Writing is an incredibly meditative state.

You don’t believe it?

Let’s discuss a quote by Ernest Hemingway:

“There is nothing to writing. All you do is sit down at a typewriter and bleed.”

Writing is nothing but a mere expression of the things you carry inside. Meditation helps you discover those things. Meditation is the method, and writing is the expression.

But what happens when writing becomes the method and the expression at the same time?

The Journaling Method

So what’s with this journaling method? The best way to describe it is through the freewriting technique. The idea is to take your journal (or log into your online journal, whatever you prefer) and write for a specific length of time every single day.

You set the timer to 10 or 20 minutes, and you write without stopping.

It doesn’t matter what you write. You should not provoke your thoughts on purpose. Don’t try to make sense out of them. Just sit and write. Write and bleed.

Now you get it, don’t you? It’s the same thing you do when you meditate. This method is very similar to a meditation technique known as Antar Mouna. Usually, we tend to allow the good thoughts to arise when we consciously meditate and want to suppress the bad ones.

The Antar Mouna technique teaches us to avoid suppression. During the meditation, we should allow the mind to think whatever it wants to think, but we mustn’t get attached to those thoughts. It’s like observing scenes on the TV or watching a river flow. We don’t cause thoughts on purpose, and we don’t suppress the ones that appear.

After a lot of work and awareness of this spontaneous thought process, the whirlpool of thoughts and emotions will calm down. It is possible for you to achieve a complete state of calmness and equanimity.

Here are 5 tips to start using journaling as meditation.

1. Find Your Space

Remember: you need to start treating journaling as a form of meditation. Meditation is really hard to do in a room full of people, with annoying noise from the TV and your phone constantly sending notifications. Those distractions will interfere with the journaling process, too.

So you need to find a calm space, where you can sit with your journal and only pay attention to what’s inside. Minimize distractions from the outside.

Where would you usually meditate? It may be the bedroom or the living room at a time when it’s quiet. Use the same space and time for journaling.

2. Turn It into a Routine

Many people who are interested in trying this practice make a mistake: they get too committed during the first few days and then they completely forget about it. They will try journaling today, and they will get into the flow, so they will write for two hours. Tomorrow, they will do the same thing. The day after that, they will think: “I don’t have two hours today. I’ll just take a break, and I’ll do it tomorrow.” Then, they take another break. And another one… until they lose their mojo.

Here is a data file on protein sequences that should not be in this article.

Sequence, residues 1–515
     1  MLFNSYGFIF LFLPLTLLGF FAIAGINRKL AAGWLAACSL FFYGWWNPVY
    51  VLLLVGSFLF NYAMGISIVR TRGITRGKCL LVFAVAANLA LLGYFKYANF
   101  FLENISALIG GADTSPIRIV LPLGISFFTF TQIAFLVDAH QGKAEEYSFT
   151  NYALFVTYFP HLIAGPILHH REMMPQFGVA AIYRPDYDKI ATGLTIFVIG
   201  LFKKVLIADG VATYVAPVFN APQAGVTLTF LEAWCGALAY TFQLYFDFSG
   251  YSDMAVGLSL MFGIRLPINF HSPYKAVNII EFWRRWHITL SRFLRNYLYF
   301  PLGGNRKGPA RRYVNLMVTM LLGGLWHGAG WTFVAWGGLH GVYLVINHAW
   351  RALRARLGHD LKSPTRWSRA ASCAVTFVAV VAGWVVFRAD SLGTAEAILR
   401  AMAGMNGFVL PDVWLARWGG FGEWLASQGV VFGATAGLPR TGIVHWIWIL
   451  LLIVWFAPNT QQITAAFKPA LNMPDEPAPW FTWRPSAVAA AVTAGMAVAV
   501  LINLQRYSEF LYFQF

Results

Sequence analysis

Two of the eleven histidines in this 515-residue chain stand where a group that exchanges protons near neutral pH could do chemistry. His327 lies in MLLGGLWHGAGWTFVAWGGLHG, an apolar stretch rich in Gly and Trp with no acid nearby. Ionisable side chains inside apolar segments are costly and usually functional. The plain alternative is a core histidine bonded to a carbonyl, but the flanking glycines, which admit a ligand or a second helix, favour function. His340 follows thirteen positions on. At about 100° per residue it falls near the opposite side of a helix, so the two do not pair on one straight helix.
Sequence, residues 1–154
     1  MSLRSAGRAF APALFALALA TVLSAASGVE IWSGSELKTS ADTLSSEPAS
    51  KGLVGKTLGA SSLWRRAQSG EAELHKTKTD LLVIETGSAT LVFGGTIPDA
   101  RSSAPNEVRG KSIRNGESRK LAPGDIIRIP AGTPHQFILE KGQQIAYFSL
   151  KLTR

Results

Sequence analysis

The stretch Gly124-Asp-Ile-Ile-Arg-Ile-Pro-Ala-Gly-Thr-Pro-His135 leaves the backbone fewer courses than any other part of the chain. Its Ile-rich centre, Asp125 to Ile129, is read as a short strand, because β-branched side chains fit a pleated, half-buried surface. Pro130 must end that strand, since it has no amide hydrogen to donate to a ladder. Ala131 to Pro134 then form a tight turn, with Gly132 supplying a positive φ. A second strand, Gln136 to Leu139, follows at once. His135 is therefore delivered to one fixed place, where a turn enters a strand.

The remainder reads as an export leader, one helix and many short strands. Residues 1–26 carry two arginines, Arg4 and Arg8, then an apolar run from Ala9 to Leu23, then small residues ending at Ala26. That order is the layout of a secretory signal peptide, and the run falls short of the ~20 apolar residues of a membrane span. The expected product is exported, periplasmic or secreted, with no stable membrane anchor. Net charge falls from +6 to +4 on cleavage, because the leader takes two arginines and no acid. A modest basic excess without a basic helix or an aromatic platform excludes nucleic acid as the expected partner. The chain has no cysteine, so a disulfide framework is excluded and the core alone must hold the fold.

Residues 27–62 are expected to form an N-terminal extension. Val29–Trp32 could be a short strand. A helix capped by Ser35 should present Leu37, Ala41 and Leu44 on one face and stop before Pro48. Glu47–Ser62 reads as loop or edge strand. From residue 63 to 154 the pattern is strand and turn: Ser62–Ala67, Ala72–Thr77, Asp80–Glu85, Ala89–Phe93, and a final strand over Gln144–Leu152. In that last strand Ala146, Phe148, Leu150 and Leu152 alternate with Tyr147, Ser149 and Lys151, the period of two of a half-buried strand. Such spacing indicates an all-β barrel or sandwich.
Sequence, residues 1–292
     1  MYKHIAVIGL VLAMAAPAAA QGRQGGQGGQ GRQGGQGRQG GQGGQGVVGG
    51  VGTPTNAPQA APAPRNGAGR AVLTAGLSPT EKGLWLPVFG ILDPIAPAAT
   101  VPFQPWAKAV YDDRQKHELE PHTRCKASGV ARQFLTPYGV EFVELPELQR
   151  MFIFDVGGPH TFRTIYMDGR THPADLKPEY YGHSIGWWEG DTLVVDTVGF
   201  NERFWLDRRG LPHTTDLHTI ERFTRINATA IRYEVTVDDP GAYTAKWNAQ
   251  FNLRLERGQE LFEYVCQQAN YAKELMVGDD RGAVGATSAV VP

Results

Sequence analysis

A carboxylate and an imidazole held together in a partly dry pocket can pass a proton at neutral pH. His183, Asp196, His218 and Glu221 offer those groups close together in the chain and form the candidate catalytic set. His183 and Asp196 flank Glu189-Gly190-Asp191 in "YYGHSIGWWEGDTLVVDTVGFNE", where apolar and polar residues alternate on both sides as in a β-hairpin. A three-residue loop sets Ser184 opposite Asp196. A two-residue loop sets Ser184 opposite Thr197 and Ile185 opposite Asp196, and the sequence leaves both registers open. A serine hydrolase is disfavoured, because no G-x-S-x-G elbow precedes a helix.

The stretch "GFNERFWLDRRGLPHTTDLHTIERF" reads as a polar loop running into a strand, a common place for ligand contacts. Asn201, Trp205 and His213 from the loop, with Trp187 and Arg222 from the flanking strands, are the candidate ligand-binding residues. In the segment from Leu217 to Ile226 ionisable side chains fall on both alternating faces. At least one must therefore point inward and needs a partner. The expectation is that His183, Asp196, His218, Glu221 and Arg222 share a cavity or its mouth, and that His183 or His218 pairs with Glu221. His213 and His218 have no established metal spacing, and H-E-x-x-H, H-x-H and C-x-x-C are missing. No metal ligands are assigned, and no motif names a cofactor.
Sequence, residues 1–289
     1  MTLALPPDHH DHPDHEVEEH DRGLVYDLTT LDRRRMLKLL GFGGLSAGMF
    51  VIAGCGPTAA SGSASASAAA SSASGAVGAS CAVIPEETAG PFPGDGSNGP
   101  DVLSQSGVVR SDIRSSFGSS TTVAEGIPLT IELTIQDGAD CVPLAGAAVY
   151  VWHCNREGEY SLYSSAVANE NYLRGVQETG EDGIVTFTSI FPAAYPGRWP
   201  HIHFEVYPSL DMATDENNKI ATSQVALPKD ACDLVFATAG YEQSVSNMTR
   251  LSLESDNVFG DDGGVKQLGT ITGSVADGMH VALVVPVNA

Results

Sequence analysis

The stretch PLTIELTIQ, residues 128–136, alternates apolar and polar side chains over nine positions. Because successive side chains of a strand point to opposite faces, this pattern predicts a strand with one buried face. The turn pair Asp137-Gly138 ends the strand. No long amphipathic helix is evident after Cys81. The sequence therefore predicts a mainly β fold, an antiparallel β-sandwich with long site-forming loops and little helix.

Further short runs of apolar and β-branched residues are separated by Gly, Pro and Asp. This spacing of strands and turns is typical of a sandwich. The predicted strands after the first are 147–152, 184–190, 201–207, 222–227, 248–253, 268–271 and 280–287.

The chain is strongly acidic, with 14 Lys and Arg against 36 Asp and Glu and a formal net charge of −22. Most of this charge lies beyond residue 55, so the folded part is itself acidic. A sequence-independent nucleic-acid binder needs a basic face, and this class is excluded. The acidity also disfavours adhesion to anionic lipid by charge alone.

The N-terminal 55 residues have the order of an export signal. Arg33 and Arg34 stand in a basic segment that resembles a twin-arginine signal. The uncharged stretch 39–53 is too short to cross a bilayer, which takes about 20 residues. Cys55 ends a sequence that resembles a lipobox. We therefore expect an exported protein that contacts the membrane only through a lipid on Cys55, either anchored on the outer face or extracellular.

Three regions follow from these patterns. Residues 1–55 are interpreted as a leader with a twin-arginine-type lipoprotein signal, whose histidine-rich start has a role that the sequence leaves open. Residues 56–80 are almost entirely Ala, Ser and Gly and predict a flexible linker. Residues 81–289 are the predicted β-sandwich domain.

Do you know how you can prevent that from happening? You need a routine. It’s better to commit yourself to journal for 10-20 minutes every day than to do it for a whole hour today and forget about it for the rest of the week.

The routine will get you on that chair every single day. The consistency will yield results.

3. Explore Your Emotions

So how do you start journaling? What will you write about? What if there’s nothing to write about?

There is.

Just ask the question any therapist would ask you when they see you: how do you feel?

Write how you feel today. It’s okay to be annoyed or upset. Write about it. Let your thoughts and emotions flow, and you’ll allow yourself to get to the bottom of things. You’ll be able to tackle the reasons for those annoyances and stress.

4. Explore Your Desires and Goals

Here’s another question to ask as a trigger: what do you wish for?

Write about the goals you’d want to achieve within a specific period of time. Write about the thing you wish for the most.

When you have these things in writing, they seem real. You can develop an action plan and work your way towards those goals.

5. Don’t Judge Yourself

When you meditate, you don’t always like the things you realize about yourself. The same thing happens during freewriting. The thoughts and feelings you’ve been suppressing will come out to surface. You may realize you weren’t kind to your parents or you deeply hurt someone you loved.

If that happens, it’s important to accept yourself as you are. You are not perfect. You’re a flawed person, just like anyone else is. You can, however, see those flaws and work on their improvement. Just don’t judge.

6. Set Yourself Free

You won’t be sharing your journal with anyone. It’s just you and yourself. So it’s okay to be completely honest. You can do that, can’t you? You can be honest with yourself. Set your emotions and thoughts loose and you’ll definitely enjoy the freedom you discover.

Warren Fowler

Warren Fowler

Warren Fowler is a full-time writer, currently contributing to the blog at Brill Assignment. In addition, he works as an academic author for Best Dissertation, A-Writer.com, Superior Papers, and Best Essays. He firmly believes that everyone can become a good writer, as long as they are willing to put in some effort into the process. During college, Warren absolutely hated writing projects. Throughout tons of practice, he got better and better. Now, he makes a living out of the skill, and he is committed to helping others to discover that talent within. To him, writing is the most effective form of meditation.

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